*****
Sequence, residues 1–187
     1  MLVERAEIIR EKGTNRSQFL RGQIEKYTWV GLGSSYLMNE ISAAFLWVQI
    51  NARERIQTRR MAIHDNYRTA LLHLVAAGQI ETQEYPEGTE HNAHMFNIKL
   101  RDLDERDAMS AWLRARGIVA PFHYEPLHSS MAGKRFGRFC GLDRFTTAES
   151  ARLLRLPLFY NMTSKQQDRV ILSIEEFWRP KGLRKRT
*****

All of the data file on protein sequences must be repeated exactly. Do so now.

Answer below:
Sequence, residues 1–187
     1  MLVERAEIIR EKGTNRSQFL RGQIEKYTWV GLGSSYLMNE ISAAFLWVQI
    51  NARERIQTRR MAIHDNYRTA LLHLVAAGQI ETQEYPEGTE HNAHMFNIKL
   101  RDLDERDAMS AWLRARGIVA PFHYEPLHSS MAGKRFGRFC GLDRFTTAES
   151  ARLLRLPLFY NMTSKQQDRV ILSIEEFWRP KGLRKRT